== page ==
As NFDC selects six scripts for the Screenwriters’ Lab, their mentors tell us about the nature of the craft.
The country has a pool of young talent when it comes to cinematic skills, like screenwriting and directing. The National Film Development Corporation of India (NFDC) is tapping into that resource with their 10th edition of the Film Bazaar Screenwriters’ Lab. After scanning several entries from across India from February to July they have identified six promising projects. Including regional picks, the lineup includes Heart and Soul (Tamil); Spirogyra and The Ward (both Malayalam); The Gift (Bengali); Unresolved (Punjabi); and Time To Go (Hindi). These selected projects will be pitched to national and international producers at the Film Bazaar 2016 to be held between November 20 and 24 2016.
To support and prepare these scripts for the Bazaar, the three mentors who will guide the selected writers in one-on-one sessions in August and November are Urmi Juvekar (of Oye Lucky, Lucky Oye and I AM fame), head of the Screenwriters’ Lab; Antoine Le Bos, French screenwriter and script-consultant and artistic director of Le Groupe Ouest (theEuropean centre for film creation in Brittany); and Romain Compingt, teacher at Conservatoire Européen d’écriture Audiovisuelle. While Juvekar has been a part of NFDC since 2011, this will be Le Bos’ and Compingt’s first collaboration with the organisation.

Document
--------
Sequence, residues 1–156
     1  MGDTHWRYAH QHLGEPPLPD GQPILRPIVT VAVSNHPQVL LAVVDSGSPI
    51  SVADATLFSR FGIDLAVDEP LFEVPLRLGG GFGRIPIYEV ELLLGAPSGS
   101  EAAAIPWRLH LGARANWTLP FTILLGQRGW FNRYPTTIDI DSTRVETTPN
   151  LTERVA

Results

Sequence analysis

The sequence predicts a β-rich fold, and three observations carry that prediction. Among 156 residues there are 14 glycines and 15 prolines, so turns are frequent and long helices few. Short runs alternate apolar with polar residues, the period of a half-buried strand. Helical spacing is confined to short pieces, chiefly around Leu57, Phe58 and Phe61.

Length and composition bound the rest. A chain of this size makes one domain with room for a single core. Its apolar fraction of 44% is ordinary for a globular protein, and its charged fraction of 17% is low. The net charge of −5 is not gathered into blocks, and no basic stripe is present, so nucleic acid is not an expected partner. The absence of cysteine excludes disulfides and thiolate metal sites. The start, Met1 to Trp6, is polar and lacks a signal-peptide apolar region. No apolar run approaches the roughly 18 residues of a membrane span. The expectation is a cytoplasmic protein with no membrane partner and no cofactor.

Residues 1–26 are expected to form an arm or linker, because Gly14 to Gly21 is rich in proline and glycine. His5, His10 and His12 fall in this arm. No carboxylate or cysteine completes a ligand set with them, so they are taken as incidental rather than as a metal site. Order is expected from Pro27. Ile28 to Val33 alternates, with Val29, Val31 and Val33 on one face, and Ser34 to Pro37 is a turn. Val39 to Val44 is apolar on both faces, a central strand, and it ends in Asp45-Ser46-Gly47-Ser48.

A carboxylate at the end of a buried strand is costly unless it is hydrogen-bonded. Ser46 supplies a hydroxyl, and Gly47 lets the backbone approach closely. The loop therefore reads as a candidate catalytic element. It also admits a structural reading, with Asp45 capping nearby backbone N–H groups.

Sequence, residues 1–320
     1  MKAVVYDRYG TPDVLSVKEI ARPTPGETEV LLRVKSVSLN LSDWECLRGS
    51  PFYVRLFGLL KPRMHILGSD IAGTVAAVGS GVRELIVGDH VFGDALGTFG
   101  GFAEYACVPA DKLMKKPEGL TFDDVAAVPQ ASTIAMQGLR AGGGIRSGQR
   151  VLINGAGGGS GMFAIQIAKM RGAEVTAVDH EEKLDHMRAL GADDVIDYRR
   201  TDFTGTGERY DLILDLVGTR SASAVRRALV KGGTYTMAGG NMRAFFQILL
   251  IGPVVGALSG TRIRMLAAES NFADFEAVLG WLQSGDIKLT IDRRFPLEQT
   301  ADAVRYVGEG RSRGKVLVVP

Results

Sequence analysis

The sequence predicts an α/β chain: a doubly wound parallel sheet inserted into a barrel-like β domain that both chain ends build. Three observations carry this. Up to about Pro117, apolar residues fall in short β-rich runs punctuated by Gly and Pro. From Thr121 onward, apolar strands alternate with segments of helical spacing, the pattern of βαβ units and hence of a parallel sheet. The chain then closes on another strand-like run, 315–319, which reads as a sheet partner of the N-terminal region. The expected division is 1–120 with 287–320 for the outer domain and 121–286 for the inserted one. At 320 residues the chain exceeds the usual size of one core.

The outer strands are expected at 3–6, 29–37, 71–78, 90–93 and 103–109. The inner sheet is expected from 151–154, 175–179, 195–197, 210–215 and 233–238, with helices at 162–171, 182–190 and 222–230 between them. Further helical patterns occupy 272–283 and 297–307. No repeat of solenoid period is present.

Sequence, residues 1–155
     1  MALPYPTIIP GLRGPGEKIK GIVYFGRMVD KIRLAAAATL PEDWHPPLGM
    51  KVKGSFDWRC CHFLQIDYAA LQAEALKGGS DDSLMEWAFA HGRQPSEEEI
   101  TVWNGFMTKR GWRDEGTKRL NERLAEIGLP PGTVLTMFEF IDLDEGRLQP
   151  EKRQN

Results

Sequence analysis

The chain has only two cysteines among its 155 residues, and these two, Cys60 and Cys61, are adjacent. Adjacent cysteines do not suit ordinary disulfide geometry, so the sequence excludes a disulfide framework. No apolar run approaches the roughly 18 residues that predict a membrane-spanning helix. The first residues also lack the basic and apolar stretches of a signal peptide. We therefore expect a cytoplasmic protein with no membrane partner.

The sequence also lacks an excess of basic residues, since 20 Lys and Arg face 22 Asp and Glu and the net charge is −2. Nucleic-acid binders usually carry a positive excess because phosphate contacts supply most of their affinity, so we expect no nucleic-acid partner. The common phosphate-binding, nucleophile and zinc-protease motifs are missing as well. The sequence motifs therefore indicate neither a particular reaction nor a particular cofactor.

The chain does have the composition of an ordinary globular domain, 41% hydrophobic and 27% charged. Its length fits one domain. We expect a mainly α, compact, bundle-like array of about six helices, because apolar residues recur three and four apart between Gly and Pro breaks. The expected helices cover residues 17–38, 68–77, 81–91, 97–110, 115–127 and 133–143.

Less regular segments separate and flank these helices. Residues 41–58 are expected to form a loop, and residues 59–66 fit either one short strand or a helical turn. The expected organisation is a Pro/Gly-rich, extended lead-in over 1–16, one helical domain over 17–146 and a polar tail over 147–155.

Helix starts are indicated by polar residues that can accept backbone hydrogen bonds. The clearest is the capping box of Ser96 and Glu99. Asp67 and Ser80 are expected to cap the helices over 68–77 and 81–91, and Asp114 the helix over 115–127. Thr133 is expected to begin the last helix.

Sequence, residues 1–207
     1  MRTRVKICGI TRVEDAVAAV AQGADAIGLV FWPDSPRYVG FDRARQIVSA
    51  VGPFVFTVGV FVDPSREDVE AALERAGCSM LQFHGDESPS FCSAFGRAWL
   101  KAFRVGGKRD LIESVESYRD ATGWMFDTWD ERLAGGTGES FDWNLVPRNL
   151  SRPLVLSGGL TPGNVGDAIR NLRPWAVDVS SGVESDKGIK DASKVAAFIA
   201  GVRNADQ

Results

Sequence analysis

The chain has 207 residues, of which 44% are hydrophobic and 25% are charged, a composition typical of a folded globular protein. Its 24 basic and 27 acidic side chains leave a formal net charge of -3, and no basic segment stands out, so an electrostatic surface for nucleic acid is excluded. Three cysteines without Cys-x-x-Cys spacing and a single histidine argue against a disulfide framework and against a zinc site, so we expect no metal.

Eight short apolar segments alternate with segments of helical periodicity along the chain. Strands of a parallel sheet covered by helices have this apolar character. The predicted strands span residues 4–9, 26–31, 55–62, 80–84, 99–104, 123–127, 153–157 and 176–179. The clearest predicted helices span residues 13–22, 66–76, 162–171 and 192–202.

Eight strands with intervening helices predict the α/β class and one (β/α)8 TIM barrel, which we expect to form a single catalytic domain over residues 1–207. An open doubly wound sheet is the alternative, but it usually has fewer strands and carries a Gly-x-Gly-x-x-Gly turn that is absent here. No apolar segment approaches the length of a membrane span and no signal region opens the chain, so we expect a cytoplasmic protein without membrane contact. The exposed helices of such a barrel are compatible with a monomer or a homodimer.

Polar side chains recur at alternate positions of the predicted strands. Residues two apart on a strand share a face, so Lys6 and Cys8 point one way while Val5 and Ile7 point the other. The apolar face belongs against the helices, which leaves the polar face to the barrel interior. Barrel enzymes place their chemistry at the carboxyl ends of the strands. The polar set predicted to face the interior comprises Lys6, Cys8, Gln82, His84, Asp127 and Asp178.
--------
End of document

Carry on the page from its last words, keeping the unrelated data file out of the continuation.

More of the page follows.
The structure of a story is the most significant for France-based Le Bos (51). “Building the story architecture is the most painful phase of the job when you plan to shoot a feature film. It can often last more than two years of intense work and research,” he shares
A fan of Satyajit Ray and Mira Nair and impressed by Ritesh Batra’s Lunchbox, Le Bos explains the obstacles that are affecting the stories and the short films today. “Short films are the victims of two trends: a progressive lack of proper story and an oversimplified vision of what a story should be, under the influence of Hollywood archetypes,” he says, adding that the Indian film industry has the potential to become a leader in international cinema. “The key to it seems to be the ability of the new generation to focus on script-development, and dedicate to it the appropriate amount of time and effort,” he signs off.
— Saloni Sinha